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We didn't 'Planet'! One camper van. Two blokes. Four weeks. What could go wrong?


AUSTRALIA | Sunday, 8 April 2007 | Views [1648] | Comments [2]

One of several sculptures to be find along the road.  This dog is huge - the body is a water tank, the head, a car!

One of several sculptures to be find along the road. This dog is huge - the body is a water tank, the head, a car!


At five bucks a tinnie, every mouthful of cool XXXX should be savoured in Williams Creek. At that price, it ought to be an early night. The problem with that notion is, Williams Creek Hotel has one of the coolest pubs we have run into yet.

It was a long hard haul from Marree that morning, over bumpy roads and scorching heat. The road cut close to the smaller Lake Eyre South, offering spectacular views over the plains. They were so good, we did question why we had gone to all the effort to reach the north lake, when we could have just come here. Despite the appalling road, the trip is quite an interesting one, with changing landscapes reminiscent of Arizona. One eccentric station owner has built larger-than-life sculptures along a distance of several kilometres, made from old cars, aircraft and scrap metal. Throughout the outback, I have noticed a definite penchant for using old tyres to decorate the entrance to properties, so why not a bit of scrap metal for a change?

Our aim is to organise a light-aircraft flight to the northern part of Lake Eyre, where the water is currently flowing. If it continues to fill over the next few weeks, then flights will become available out of Marree, but for now, we need to get even closer to the action. The Haligan Track could get us to the western shores of the salt lake, but it is strictly four-wheel-drive only, and we felt we had pushed our luck far enough in that department.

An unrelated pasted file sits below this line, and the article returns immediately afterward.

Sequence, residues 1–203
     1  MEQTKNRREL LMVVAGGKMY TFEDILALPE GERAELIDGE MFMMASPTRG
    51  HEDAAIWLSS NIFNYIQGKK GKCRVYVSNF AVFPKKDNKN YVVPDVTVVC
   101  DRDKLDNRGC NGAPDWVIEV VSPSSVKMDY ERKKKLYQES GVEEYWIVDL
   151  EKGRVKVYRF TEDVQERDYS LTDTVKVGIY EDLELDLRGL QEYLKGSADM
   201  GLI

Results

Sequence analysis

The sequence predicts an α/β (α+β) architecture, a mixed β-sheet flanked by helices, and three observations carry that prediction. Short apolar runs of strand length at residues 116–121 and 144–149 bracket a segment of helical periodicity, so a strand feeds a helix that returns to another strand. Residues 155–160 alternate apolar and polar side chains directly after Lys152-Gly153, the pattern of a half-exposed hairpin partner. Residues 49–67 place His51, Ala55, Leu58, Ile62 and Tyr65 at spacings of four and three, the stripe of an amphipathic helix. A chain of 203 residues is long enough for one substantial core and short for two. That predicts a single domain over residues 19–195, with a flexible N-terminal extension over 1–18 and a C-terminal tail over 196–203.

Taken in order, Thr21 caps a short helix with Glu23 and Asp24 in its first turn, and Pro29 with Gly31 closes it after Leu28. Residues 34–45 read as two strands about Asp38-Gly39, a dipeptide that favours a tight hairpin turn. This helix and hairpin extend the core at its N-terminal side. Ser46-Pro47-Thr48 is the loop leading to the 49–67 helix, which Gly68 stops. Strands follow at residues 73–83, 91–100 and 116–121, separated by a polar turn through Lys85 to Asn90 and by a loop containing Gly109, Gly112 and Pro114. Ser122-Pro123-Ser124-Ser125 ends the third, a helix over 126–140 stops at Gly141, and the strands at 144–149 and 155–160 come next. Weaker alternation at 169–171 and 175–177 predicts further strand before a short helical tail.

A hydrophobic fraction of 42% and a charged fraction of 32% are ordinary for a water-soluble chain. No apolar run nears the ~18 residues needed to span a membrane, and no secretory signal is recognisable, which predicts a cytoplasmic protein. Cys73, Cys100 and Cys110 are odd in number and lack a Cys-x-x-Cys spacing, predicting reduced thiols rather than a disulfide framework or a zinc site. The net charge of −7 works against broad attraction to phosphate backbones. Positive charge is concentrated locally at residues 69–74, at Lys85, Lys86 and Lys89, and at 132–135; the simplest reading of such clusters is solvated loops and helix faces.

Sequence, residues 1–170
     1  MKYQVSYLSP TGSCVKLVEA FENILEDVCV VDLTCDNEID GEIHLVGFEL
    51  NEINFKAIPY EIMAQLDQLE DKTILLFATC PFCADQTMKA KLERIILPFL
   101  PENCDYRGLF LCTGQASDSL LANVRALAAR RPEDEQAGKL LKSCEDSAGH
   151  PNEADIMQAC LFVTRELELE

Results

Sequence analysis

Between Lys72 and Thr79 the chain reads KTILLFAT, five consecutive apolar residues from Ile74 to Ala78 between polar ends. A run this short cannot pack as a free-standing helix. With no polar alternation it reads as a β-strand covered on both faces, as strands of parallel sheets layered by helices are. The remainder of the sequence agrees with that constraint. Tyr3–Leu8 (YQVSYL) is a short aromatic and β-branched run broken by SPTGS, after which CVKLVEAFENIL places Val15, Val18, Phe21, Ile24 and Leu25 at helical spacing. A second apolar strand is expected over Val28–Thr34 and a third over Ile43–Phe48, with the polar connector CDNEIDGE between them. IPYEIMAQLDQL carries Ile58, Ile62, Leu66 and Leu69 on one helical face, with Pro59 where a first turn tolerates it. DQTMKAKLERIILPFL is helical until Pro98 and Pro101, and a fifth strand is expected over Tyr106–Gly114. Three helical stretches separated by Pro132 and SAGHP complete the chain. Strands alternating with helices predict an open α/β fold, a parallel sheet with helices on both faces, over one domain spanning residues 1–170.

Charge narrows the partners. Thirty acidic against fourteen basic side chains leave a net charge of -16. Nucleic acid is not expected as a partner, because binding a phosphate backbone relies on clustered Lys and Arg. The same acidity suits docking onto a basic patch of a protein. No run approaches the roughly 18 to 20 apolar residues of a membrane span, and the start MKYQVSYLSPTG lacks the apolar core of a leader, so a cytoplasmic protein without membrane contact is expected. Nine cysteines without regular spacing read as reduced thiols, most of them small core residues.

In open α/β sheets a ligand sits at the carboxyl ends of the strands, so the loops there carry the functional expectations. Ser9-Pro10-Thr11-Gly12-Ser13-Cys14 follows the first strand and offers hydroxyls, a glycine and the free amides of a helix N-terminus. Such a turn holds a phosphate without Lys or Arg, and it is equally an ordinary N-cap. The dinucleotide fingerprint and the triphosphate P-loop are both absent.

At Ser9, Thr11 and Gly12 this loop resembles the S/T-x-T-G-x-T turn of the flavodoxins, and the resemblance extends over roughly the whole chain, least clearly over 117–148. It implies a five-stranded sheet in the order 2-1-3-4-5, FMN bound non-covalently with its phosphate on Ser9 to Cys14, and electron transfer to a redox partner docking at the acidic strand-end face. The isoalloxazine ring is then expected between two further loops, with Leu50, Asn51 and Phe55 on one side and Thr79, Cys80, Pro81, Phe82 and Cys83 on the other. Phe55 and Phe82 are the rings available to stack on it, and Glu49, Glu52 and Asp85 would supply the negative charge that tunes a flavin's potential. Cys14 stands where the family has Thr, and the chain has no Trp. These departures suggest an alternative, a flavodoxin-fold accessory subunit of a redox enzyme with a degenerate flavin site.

So that is how we ended up in Williams Creek, a tiny settlement with a hotel/pub, an airfield and more than its fair share of flies. Inside the pub a small assorted crowd was gathered. A couple of rugged-looking locals propped up the bar, wearing the standard work boots, shorties and singlet. Huddled in the corner, a small flock of young backpackers sat in silence, awaiting a replacement bus after a breakdown. Williams Creek is a scheduled stop for “adventure bus tours” that run from Adelaide to Alice Springs, and looking at this lot, I’m glad my bus travelling days are over. However, it is thanks to this regular passing custom that pubs like this can exist at all, though I do doubt the legitimacy of flogging beer off for $5/can.

Over a good few years there has been many a party in this place. Testament to this are countless bras and assorted lingerie pinned to the walls and roof, causing me to reflect with some regret, why it is that in all such pubs I have been in, I have never been present while this sort of decoration is taking place. Filling every available space between are innumerable business cards, driving licenses, hats, postcards, photos and even passports. The pub also doubles as the general store, post office, gas station and goodness knows what else. This seems as a good a place as any to enquire about flights, and we are directed to a house that doubles as an airport terminal, just a little down the road.